Nymi CTO: Why Nymi Band is for business not consumers – yet

Apple Watch and high end designer brands are pushing out the competition
Wareable is reader-powered. If you click through using links on the site, we may earn an affiliate commission. Learn more

Nymi's innovative wristband authenticates wearers by their heartbeat for super secure payments, but even though it was originally designed back in 2014, it faces a problem: how do you get consumers interested in authentication? After piquing everyone's interest, the Nymi Band decided to change how it approached consumers – by avoiding them altogether.

Rather than jumping into the consumer space with its unique wristband, the company's decided to test the wearable waters with the enterprise folks first.

Read next: Wearable tech that wants to kill the password

Why? Simple. Top smartwatches like Apple Watch and designer watches like Tag Heuer, Mondaine among many others, are crowding the space with high price points, and high expectations of what a wearable should be.

With 2016 set to be the year of tech companies making waves in payments, we chatted to Nymi founder and CTO Karl Martin to find out how the Nymi Band fits into the new world of wearables.

Do we want too much?

Nymi CTO: Why Nymi Band is for business not consumers – yet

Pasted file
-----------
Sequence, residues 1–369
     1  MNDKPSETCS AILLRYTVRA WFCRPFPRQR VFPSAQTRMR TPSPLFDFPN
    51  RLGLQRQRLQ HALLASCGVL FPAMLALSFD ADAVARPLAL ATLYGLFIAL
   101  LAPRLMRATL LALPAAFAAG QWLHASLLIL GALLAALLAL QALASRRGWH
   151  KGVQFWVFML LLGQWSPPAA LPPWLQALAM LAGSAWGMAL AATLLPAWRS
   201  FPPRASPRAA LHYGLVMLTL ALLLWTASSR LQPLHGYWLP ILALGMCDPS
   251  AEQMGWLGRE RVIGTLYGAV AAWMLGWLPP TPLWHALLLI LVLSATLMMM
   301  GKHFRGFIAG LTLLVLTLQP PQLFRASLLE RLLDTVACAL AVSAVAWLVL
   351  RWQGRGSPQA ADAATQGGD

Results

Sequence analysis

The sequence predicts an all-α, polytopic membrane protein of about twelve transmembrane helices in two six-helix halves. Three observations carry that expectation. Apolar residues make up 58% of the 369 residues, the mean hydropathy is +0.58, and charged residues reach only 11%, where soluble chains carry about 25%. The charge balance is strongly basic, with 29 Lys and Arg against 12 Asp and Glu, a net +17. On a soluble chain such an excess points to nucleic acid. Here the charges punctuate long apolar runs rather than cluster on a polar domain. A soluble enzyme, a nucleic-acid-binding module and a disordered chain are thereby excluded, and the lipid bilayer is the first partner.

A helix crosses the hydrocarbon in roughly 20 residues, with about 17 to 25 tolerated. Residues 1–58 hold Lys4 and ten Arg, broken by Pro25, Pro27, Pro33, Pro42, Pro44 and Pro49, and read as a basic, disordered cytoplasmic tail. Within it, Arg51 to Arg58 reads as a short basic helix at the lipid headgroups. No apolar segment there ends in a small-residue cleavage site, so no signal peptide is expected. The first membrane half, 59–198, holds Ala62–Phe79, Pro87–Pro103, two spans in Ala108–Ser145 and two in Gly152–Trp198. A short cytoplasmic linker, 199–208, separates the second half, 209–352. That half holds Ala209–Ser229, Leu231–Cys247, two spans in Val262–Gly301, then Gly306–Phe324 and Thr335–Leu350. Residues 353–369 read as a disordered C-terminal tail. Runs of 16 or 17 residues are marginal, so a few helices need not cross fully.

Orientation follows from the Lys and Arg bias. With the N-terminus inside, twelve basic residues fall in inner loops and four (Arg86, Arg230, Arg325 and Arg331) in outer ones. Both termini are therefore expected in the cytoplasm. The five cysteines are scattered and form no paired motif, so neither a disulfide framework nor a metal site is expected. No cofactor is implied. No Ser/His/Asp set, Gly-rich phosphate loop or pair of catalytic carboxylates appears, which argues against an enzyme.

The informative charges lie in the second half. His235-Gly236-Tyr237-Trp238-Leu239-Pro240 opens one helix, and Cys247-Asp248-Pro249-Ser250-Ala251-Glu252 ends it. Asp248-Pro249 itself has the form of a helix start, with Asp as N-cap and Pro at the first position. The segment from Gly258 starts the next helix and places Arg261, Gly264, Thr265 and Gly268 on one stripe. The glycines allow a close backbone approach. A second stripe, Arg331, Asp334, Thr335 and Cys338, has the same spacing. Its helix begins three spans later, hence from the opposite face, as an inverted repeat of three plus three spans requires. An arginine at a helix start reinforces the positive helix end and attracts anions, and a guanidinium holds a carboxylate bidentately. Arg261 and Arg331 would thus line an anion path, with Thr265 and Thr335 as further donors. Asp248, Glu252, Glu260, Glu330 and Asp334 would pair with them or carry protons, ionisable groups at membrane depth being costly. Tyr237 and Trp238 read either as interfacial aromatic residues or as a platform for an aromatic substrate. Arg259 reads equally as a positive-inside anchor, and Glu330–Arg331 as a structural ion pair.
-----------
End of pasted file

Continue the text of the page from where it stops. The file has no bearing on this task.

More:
Martin says if you looked at the website a few weeks ago, it would have been pretty consumer oriented, versus now where it's solely enterprise driven.

"Over the past year, we've been shifting our focus to enterprise and that's pretty much our 100% focus today."

The change is partly because consumers want too much. On one hand, it's understandable - innovation caters to the desires of the people. If a product doesn't have what we want, we won't buy it.

On the other hand, the demand can give way to unrealistic expectations. If a product can't satisfy everything on the checklist, then it's doomed.

Must read: The best wearable payment devices

Nymi Band isn't a looker, nor can it do everything. It's not a smartwatch or a fitness tracker but it's still a wearable with a very specific purpose - being a multi-factor authenticator. Martin envisions the wristband doing more but not in the timeframe consumers expect - which is immediate - because it won't be the product they expect - which is perfect and capable of more than one function.

"On the consumer side, people got really excited about the concept when it does everything. 'It's going to unlock my car, take care of payments, unlock my house,' all of those things. The reality of a start up is those are applications that get delivered over several years because the interoperability with third party companies is a lot of work."

Entering enterprise

The consumer space's competitiveness and Nymi's specified features are why enterprise makes sense to Martin.

That and because he says people absolutely hate passwords.

"If you're looking at the (enterprise) competitors, there's nothing that looks like this. No personal authenticator in the enterprise. We're competing with second factor tokens.

"Either USB tokens or RSA one time password ones. They're not password replacements, they are second factors on top of passwords and people hate them. You still have to use these things on a frequent basis.